Naked-Eye Astronomy and Navigation

Data for June 1999 to January, 2000
Last Updated: March 2, 1999

Directional Stars: Directional stars are called Hoku ho'okelewa'a: "Canoe-Guiding Stars." Any star can be used for direction, as long as the wayfinder knows the star's rising or setting point. A star rises, like the sun, in a particular direction on the eastern horizon, travels across the sky, and sets in a corresponding direction on the western horizon. The direction that a star sets in is at the same angular distance & in the same direction (i.e., north or south) from west as the house in which it rose is from east. Thus, the rising & setting points of stars are clues to directions. Recognizing a rising or setting star and knowing the direction it rises & sets in gives the observer a point by which to orient himself. The "declination of a star gives its rising and setting points in angular distance from east and west (0 degrees) at the Equator. As the observer moves away from the Equator, rising & setting points shift north for stars rising north of east; and south for stars rising south of east. Each night, at the equator, all the stars are visible, half the sky rising and half setting, except for the stars that are lost in the rising and setting sun. As the observer moves north of the equator, stars in the southern sky are lost, and stars in the northern sky become circumpolar; as the observer moves south of the equator, stars in the northern sky are lost, and stars in the southern sky become circumpolar. The Rising Points of the 21 Brightest Stars.

Planet and Star Data

  • Hawaii/June 15,1999
  • Nukuhiva/August 1,1999
  • Mangareva/Sept. 15,1999
  • Rapa Nui/Nov. 15,1999
  • Tahiti/Dec. 15,1999
  • Hawaii/Jan. 15, 2000

    Sun: The sun is the main clue to direction, rising and setting each day in known directions. The rising and setting points shift during the year, from due east and west during Equinox (March and September, north of east and west in the summer, and south of east and west in the winter. During the voyage to Rapa Nui (June 15-January 1), the rising and setting points will be moving from 23.5 degrees north of east and west on June 21 (Summer Solstice); to due east and west on Sept. 23 (Fall Equinox); to 23.5 degrees south of east and west on December 22 (Winter Solstice). Movement of the sun along the Ecliptic (June-December.)

    Latitude Stars: North of the equator, the altitude of the relatively fixed star Hokupa'a (Polaris, the North Star) is approximately equal to the latitude of the observer. At the equator (0 ° latitude), Hokupa'a is about at the horizon (0 ° altitude); at 10 ° N latitude, Hokupa'a is about 10 ° above the horizon; at 20 ° N latitude--the latitude of Hawai'i--it is about 20 ° above the horizon, and so on.

    Stars crossing the meridian can also be used to estimate latitude. (The meridian is an imaginary line from due north to due south passing through the zenith, the point in the sky directly overhead; the meridian is perpendicular to the horizon; stars cross the meridian at the midpoint of their journeys from east to west.) At given latitudes, stars cross the meridian at specific altitudes. If the wayfinder knows the altitudes of stars crossing the meridian at particular latitudes, he can estimate his latitude by estimating the altitudes of these stars crossing the meridian.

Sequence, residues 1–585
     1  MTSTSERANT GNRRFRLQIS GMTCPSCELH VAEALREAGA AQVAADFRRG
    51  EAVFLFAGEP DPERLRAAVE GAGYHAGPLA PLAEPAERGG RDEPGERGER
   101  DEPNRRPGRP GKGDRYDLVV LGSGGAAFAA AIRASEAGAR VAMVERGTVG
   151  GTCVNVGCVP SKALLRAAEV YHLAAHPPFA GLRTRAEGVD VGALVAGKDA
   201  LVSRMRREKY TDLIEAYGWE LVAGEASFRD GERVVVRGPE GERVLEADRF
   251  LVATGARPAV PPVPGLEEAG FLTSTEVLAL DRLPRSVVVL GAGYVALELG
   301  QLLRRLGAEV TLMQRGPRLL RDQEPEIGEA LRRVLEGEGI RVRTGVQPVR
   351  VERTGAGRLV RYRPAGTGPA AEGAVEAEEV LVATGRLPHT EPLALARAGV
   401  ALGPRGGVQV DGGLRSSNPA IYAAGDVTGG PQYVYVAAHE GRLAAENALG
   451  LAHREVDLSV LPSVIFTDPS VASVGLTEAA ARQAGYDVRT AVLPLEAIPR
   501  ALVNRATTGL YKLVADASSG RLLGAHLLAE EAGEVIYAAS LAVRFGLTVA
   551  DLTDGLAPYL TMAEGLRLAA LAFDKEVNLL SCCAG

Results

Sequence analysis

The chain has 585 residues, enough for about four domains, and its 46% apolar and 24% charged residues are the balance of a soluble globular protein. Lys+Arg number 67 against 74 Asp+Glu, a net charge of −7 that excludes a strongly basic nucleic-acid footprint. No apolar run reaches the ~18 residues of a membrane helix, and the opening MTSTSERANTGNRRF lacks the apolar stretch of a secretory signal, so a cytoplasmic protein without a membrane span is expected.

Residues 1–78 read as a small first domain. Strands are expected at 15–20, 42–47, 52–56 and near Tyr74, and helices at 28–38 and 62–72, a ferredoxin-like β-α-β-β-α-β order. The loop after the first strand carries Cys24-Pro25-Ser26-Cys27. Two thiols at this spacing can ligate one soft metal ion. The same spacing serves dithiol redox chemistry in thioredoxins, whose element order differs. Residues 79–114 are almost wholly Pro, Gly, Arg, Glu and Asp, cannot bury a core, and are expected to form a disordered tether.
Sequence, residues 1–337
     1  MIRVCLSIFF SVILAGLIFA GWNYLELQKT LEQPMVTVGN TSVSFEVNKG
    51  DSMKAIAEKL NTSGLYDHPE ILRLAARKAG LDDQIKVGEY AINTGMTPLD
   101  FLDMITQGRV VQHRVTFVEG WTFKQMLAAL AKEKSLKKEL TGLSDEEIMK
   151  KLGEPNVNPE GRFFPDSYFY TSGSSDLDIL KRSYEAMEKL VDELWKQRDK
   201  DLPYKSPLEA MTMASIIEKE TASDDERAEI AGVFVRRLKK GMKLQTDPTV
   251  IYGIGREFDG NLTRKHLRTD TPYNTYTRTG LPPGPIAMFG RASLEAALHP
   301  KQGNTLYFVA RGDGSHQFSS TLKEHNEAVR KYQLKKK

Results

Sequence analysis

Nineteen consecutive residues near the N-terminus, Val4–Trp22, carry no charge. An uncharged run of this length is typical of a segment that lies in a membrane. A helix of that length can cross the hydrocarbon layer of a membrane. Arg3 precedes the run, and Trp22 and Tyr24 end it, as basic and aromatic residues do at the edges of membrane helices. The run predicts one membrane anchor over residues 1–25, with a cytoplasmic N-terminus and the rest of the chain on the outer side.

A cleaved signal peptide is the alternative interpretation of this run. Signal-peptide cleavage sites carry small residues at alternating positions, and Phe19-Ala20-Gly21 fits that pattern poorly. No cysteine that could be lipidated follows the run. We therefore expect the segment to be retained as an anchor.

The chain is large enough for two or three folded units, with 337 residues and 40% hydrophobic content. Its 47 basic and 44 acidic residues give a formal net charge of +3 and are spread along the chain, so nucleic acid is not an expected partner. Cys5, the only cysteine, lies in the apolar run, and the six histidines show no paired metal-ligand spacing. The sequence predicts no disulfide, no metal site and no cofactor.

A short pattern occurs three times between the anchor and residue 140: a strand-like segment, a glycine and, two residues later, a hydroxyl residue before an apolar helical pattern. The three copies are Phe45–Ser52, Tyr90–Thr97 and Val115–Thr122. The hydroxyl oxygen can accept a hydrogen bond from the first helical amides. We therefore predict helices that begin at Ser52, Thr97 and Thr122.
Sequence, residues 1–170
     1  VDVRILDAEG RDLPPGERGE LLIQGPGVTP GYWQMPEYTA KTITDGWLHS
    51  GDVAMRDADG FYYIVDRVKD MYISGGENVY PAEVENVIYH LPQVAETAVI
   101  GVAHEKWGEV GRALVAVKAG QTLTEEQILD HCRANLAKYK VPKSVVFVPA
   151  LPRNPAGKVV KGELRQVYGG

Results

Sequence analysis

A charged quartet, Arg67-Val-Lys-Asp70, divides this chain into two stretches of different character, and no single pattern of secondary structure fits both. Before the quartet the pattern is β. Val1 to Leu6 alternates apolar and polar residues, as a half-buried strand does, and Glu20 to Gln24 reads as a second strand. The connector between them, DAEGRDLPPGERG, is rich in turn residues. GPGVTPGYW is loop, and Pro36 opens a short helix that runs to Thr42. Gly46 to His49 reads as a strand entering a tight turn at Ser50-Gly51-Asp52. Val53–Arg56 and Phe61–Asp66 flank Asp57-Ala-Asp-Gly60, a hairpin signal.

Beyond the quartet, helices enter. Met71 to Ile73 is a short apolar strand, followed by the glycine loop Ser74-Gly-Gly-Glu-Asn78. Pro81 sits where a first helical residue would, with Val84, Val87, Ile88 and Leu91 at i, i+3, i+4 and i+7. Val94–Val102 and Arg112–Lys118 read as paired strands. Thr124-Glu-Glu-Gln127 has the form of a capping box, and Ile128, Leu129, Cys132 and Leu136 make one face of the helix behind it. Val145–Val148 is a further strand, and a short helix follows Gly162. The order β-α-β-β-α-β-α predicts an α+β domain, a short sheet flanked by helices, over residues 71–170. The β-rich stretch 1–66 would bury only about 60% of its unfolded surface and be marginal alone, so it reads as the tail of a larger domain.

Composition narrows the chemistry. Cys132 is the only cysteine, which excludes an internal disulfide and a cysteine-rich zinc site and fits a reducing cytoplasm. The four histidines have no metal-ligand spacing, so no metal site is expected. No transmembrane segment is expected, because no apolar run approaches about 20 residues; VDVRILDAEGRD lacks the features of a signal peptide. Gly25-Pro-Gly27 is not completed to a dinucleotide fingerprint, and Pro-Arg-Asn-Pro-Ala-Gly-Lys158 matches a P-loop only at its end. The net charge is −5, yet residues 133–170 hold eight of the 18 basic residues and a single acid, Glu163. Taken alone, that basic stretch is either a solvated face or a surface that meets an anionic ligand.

The wayfinder uses pairs of stars that cross the meridian together to help him determine when stars are crossing the meridian. A line through two stars crossing the meridian together will be perpendicular to the horizon. The two stars are called a meridian pair. When the pair is upright, the stars are crossing the meridian together.

    The altitude of the star can be measured using one's outstretched hand. (Each person's hand must be calibrated with distances [in degrees] in the sky; e.g., the height of the closed fist of an outstretched hand might be equal to 10 degrees of altitude on one person's hand, and 7° on another person's hand, depending on the size of one's fist.) Latitude Stars for Nukuhiva, Mangareva, Rapa Nui and Hawai'i.

    Moon: Like the sun, the moon travels along the path called the ecliptic; however, it completes it cycle in 29.5 days (not one year)--the time it takes for the moon to orbit the earth. As it travels along the ecliptic, the moon rises about 48 minutes later each night at a different postion on the eastern horizon from where it rose the night before. Its rising point moves back and forth between 'Aina Ko'olau (ENE) and 'Aina Malanai (ESE); its setting point back and forth between 'Aina Ho'olua (WNW) and 'Aina Kona (WSW). As it changes its position in relationship to the sun and earth, it goes through 29-30 phases (See "Moon Phases" below.) Determining the rising and setting points of the moon each night in relationship to another celestial body allows the moon to be used for navigation, day or night.

    The line separating light and dark on the moon's surface is aligned approximately north and south since the moon is positioned east or west of the sun along the ecliptic.

    Moon phases are an important factor in setting a departure date. Depatures are timed so that the moon is bright during certain segments of the voyage. A bright moon in the often cloudy ITCZ (around 3 degrees N to 9 degrees N) allows the wayfinder to see ocean swells at night when heavy cloud cover is hiding the canoe-guiding stars. Moonlight is also important when the wayfinder needs to determine latitude precisely, as in his approach to Nuku Hiva, Mangareva, Rapa Nui, and Hawai'i. The wayfinder will use the altitude of stars above the horizon to determine his latitude (see above); on cloudy nights with little or no moonlight, the horizon line cannot be seen clearly; moonlight renders the horizon visible. Moon Phases, June-December 1999